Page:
JOHANNESBURG (AP) — He was a former stalwart in Botswana’s ruling party who defected to become a rising star in the political opposition ahead of elections in October. He was also a musical composer who performed with his choir in the 1990s in the United States and other countries. He was, a grief-stricken speaker said at a memorial service in the southern African country, “a mighty good man.”
The July 30 death of 44-year-old Gomolemo Motswaledi in what the police say was a road accident highlighted brewing tension in Botswana, reputed to be one of the most stable and cleanly governed nations on the continent and known to foreign tourists for its well-protected wildlife. The opposition opened a parallel investigation, saying Motswaledi may have been assassinated by pro-government agents, although evidence is lacking.
The conspiracy theories sharpened an election campaign likely to deliver another victory for the ruling Botswana Democratic Party, whose electoral dominance since independence from Britain in 1966 has increasingly frustrated opponents who say the party is shedding old-style consensus politics and tightening its grip on state machinery. Zimbabwe and South Africa, while following different paths after shaking off white rule, are among Botswana’s neighbors in southern Africa where parties with liberation-era credentials have also stayed in power for decades.
Tall and dynamic, Motswaledi was once an ally of President Ian Khama but fell out with him and formed the Botswana Movement for Democracy in 2010 to challenge what he described as a concentration of power among presidential loyalists. In July, he was elected deputy president of the Umbrella for Democratic Change, an opposition coalition gearing up for an Oct. 24 vote expected to be closer than past contests.
In 2009, the ruling party won 45 of 57 directly elected parliamentary seats but won the popular vote by a smaller margin with 53.3 percent, leading fractious opposition groups to complain they were inadequately represented.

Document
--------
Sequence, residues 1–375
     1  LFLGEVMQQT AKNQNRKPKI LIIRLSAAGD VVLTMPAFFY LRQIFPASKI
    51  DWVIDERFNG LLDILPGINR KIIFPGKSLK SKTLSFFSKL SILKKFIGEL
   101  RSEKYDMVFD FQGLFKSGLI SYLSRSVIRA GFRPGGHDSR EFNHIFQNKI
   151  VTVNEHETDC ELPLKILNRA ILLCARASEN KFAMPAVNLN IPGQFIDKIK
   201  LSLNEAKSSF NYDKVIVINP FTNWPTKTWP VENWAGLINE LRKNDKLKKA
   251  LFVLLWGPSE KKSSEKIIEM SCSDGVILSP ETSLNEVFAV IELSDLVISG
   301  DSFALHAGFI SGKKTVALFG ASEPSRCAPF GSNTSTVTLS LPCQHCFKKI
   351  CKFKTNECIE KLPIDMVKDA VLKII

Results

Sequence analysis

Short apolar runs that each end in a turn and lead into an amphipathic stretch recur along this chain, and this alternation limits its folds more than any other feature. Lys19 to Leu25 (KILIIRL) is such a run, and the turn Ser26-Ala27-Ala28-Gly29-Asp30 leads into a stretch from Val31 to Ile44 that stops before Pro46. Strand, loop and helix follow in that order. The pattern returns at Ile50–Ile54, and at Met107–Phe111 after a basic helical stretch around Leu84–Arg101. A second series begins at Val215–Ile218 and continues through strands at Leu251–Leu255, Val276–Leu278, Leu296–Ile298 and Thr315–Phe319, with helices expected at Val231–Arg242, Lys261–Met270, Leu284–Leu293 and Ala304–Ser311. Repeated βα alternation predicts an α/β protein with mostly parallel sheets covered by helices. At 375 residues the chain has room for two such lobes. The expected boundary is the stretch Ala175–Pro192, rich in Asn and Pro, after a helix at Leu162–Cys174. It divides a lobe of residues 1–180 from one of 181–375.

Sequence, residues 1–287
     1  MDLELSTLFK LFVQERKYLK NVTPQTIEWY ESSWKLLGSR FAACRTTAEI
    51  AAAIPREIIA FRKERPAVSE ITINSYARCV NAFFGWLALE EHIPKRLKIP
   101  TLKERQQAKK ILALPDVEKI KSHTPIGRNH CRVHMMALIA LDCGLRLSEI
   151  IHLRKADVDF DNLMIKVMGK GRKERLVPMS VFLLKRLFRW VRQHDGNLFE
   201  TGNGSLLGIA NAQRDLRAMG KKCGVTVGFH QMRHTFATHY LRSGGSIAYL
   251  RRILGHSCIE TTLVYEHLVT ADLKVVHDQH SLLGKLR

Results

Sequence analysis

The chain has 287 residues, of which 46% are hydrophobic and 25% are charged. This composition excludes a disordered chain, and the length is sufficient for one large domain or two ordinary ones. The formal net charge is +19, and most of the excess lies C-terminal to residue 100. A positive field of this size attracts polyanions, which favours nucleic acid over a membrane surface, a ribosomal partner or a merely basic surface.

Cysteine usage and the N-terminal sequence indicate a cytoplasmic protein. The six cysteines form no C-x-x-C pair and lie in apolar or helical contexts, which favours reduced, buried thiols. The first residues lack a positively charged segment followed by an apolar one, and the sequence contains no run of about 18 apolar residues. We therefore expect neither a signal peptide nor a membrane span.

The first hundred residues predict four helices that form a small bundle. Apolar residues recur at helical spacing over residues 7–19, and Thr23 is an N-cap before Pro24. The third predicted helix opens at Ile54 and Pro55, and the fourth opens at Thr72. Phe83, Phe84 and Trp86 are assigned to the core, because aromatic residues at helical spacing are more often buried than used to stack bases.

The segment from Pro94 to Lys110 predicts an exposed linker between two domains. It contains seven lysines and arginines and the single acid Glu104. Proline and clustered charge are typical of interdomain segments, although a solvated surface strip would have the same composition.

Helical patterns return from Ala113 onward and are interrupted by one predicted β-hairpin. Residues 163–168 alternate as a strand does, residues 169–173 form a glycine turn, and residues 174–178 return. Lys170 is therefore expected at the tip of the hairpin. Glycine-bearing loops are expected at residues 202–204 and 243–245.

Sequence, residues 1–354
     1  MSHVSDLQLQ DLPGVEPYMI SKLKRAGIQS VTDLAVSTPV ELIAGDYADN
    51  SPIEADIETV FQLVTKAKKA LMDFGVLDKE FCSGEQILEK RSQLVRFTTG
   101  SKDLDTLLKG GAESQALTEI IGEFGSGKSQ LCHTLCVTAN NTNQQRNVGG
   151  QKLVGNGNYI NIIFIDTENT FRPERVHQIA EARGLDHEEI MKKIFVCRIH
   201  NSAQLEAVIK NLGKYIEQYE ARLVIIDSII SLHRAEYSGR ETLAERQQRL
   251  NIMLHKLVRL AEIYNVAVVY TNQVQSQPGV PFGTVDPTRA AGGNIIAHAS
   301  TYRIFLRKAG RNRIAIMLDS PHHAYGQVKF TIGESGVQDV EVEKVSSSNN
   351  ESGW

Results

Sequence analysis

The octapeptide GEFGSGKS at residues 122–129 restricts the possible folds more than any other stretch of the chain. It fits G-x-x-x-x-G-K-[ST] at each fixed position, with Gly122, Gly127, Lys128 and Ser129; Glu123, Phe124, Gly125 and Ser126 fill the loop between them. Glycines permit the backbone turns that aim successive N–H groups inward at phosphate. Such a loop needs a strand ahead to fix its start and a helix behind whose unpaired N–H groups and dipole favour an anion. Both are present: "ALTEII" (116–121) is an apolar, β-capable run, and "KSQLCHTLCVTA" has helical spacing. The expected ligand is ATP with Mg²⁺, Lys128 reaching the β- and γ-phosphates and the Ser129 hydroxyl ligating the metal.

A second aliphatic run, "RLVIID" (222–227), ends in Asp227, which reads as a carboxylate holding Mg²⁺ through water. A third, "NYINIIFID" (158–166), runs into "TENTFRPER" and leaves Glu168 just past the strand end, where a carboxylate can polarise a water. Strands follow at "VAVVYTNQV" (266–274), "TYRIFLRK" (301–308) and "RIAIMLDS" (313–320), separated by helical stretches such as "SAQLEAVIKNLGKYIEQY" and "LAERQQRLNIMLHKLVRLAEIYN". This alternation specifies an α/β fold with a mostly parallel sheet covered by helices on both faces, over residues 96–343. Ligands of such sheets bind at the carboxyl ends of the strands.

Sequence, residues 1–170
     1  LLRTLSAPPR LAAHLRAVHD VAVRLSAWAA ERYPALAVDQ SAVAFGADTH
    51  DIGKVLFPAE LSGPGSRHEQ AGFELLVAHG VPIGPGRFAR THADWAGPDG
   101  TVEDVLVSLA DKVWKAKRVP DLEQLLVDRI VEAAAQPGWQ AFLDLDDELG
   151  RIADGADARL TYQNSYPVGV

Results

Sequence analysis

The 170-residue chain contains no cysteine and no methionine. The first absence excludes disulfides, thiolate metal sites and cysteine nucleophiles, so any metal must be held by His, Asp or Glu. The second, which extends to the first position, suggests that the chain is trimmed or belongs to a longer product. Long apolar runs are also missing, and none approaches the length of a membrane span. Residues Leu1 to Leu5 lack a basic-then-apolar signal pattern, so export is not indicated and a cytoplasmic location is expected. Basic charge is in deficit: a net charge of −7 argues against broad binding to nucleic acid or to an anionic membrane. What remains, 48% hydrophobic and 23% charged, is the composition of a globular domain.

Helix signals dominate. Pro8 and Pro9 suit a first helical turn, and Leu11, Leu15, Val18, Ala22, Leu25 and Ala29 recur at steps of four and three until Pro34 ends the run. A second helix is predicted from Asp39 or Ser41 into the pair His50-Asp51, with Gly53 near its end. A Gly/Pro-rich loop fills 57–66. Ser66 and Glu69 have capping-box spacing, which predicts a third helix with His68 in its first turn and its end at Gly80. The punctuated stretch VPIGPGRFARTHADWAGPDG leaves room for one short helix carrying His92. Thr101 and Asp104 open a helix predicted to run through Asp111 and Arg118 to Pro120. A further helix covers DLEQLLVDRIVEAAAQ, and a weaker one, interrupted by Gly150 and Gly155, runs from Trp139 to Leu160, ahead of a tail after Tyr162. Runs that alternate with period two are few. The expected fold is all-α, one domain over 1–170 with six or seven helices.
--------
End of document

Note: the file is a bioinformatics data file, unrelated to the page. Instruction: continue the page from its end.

Motswaledi’s death shocked Botswana, a sparsely populated country of 2 million people that is described by its own government as one of the world’s most peaceful societies. Black-clad mourners filed past Motswaledi’s casket, and the KTM Choir, which he once led, sang in his honor. Newspapers and social media buzzed with rumor that Motswaledi was the victim of a sinister plot, but police said last week that his death “was the result of a road accident uninduced by any foul play” near the border with South Africa.
“It is not common practice for the Botswana’s Police Service to publicize the findings of police investigations of this nature, but for speculations and innuendos made by some commentators in the mainstream media and social media regarding this accident, we have found it necessary to make public the result of this particular investigation,” Keabetswe Makgophe, the police commissioner, said in a statement. Police have said Motswaledi, who was traveling alone, apparently lost control of the vehicle.
However, forensic and other experts investigating the case on behalf of the opposition have not ruled out foul play, said Duma Boko, head of the Umbrella for Democratic Change.
“There can be no doubt that this was no normal death in a car,” media in Botswana quoted Boko as saying.
The opposition has noted that damage to the car was not severe and the air bags did not activate, according to reports. Motswaledi was heading from Johannesburg to a political meeting in Gaborone, Botswana’s capital, his supporters said.
Suspicions about alleged state skullduggery have grown under Khama, a former military commander and son of independence leader Seretse Khama who became president in 2008. The formation of an intelligence agency, the Directorate of Intelligence and Security, was met with negative publicity because of oversight concerns.
“Owing to an overly secretive culture under the guise of national security at times, the agency has allowed its image to be defined by sensationalist reporting in the media based on the dearth of factual information at the reporters’ disposal,” defense expert Lesego Tsholofelo wrote in a research paper this year.
In 2012, Khama pardoned several members of the security forces who had been sentenced to prison for the 2009 murder of criminal suspect John Kalafatis, fueling opposition allegations that the government condoned extrajudicial killings.
Festus Mogae, a former president, recently expressed concern about the rule of law in Botswana. That prompted a robust response from government spokesman Jeff Ramsay, who said international ratings confirm Botswana’s “continued status as an open society with an open economy” and some of the most disciplined civil servants in Africa.
Many singers who worked with Motswaledi described him as a strict but gentle director. They recalled his dance moves and how he encouraged colleagues to sing in the local Setswana language rather than only English. Mmegi Online, a news outlet, quoted popular singer Nnunu Ramogotsi as saying she was devastated by her mentor’s death.
“I was still expecting to learn a lot from him,” she said.
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